Relationships of repair
America is an old house. We are the heirs to whatever is right or wrong with this house.Isabel Wilkerson, “Caste”
When I think back on the Land Justice Retreat at the Motherhouse in June, I remember several important themes.
The young millennial facilitators we invited from the Nuns and Nones Land Justice Project were a joy to be with — so gentle, kind, intelligent and inspiring. The covenantal community they have formed, with its contemplative component, so obviously sustains them. Creating spaces of encounter, they prepare us to ask who else has a history on the land, and how might we center their stories and needs as we face long-term decisions?
We had already been learning from the Loretto Link Good Trouble Working Group and the Loretto Roots Project, so the history of land dispossession through racial violence was not new. More details at the June retreat allowed it to sink in. We discussed and generally agreed with a saying by Nikki Sanchez that “This history is not your fault, but it is absolutely your responsibility.”
As we met, it was 200 years after the 1823 Johnson v. McIntosh decision that used the 15th century papal bulls to justify mistreatment of Earth and dispossession of peoples from land. We celebrated Pope Francis’ listening and response to 40 years of patient education from Indigenous elders and scholars. His recent repudiation of the Doctrine of Discovery energized us to embrace his 2015 statement that we are not in an era of change, but a change of era. We paid attention to questions that naturally emerge as we begin and help create a new era.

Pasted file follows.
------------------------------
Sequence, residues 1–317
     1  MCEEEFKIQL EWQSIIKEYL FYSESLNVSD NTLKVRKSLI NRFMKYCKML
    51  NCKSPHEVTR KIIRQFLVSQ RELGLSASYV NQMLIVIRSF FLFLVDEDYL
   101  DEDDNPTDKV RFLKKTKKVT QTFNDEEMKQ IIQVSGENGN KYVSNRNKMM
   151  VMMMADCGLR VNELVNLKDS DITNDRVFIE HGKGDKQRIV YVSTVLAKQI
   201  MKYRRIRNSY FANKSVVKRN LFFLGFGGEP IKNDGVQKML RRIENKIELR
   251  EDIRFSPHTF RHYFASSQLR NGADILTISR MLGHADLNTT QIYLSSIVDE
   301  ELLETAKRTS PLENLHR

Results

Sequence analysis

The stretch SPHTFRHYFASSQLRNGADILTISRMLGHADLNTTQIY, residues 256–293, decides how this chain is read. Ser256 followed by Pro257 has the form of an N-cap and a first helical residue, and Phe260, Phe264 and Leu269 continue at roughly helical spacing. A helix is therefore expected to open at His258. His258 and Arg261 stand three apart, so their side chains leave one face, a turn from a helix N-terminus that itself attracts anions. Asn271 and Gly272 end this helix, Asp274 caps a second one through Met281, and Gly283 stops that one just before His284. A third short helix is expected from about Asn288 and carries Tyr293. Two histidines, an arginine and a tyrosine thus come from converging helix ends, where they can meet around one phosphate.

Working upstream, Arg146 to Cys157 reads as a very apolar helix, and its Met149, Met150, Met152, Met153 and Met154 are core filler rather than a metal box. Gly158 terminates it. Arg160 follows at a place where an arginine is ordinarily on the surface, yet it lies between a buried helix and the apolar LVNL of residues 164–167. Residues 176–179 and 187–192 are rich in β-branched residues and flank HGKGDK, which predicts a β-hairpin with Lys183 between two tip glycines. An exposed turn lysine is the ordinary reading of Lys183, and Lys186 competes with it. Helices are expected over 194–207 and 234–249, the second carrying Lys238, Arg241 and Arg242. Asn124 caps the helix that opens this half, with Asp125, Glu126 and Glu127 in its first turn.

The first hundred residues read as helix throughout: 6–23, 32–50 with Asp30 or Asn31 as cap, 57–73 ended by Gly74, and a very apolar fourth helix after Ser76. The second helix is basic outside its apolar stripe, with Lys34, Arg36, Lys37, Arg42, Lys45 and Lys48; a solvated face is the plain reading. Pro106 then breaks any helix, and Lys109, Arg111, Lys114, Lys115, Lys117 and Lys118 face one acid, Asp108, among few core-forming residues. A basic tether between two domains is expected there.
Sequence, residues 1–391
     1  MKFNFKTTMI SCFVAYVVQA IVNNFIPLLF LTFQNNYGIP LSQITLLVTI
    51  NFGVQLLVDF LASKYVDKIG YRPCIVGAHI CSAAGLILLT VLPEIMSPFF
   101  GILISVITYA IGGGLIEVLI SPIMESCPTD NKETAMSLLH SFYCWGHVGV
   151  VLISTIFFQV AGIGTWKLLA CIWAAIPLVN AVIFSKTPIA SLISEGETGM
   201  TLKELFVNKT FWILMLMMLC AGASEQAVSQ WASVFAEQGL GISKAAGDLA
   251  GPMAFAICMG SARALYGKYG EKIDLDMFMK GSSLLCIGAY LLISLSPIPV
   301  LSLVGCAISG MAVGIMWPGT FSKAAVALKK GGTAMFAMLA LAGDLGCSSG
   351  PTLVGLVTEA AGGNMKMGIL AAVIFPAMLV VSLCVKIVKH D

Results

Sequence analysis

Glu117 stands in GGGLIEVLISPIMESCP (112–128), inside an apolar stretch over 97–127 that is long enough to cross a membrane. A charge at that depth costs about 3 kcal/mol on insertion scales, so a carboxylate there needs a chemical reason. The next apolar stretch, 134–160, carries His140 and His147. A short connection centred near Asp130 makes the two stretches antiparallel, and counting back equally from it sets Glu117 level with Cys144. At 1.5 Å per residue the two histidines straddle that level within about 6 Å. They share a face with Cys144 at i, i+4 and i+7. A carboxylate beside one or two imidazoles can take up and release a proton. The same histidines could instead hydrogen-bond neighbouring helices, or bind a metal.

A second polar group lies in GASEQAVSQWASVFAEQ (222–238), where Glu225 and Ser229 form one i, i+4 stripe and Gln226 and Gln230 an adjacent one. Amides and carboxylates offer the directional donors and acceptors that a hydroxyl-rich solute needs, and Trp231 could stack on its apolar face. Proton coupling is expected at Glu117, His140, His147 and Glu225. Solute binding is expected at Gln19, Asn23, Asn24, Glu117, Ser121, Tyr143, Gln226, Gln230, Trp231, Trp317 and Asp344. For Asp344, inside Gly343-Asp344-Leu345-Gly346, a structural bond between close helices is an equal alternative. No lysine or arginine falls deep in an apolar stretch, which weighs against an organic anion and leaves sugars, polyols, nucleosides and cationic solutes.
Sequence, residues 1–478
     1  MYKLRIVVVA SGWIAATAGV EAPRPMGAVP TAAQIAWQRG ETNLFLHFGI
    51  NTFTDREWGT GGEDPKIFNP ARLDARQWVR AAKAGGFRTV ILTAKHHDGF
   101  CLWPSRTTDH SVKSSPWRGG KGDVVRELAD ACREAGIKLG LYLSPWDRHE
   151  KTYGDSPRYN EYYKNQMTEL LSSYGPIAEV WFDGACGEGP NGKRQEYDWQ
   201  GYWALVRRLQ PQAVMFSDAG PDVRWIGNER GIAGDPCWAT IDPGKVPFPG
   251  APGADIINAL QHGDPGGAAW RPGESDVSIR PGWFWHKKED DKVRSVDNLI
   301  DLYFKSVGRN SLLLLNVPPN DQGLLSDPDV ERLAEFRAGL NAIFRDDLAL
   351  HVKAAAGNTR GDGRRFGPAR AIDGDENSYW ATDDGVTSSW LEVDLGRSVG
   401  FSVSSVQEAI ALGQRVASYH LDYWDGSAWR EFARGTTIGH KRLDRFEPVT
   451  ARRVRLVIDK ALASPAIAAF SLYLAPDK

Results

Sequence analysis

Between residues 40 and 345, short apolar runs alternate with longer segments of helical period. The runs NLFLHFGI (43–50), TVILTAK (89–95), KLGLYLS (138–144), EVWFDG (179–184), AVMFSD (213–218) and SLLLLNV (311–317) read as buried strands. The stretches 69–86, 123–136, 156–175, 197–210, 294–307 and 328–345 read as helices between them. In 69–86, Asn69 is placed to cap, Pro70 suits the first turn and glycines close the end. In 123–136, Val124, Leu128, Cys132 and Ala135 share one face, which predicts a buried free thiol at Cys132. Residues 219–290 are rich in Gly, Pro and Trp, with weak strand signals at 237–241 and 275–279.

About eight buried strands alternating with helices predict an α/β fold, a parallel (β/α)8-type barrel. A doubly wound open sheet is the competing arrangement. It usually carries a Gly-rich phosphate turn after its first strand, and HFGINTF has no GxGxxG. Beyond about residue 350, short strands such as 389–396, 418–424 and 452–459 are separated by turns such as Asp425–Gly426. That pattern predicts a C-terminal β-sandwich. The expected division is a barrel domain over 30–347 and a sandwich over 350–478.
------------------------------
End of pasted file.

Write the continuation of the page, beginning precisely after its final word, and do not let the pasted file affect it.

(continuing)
How can we create land transitions rooted in ecological and racial healing?
In chapter four of Laudato Sí’ Pope Francis invites us to embrace an integral ecology. He reminds us that “today’s problems call for a vision capable of taking into account every aspect of the global crisis.” What are the property planning options that ensure that land is loved, protected and restored to health while also repairing the sins of colonization and racism, moving us toward a true integral ecology?
In addition to protecting land from development, can we expand access and equity to others whose groups were systemically dispossessed from land?
How might living into these questions help to mend and heal the broken web of relationships we inherited as mostly white people in the U.S.? As the June retreat closed, one of the vowed members of Loretto asked, “Will this be a fresh moment for us? What will we collectively decide to do? We must not pass up this chance!”
The future belongs to those who give the next generation reason for hope.Teilhard de Chardin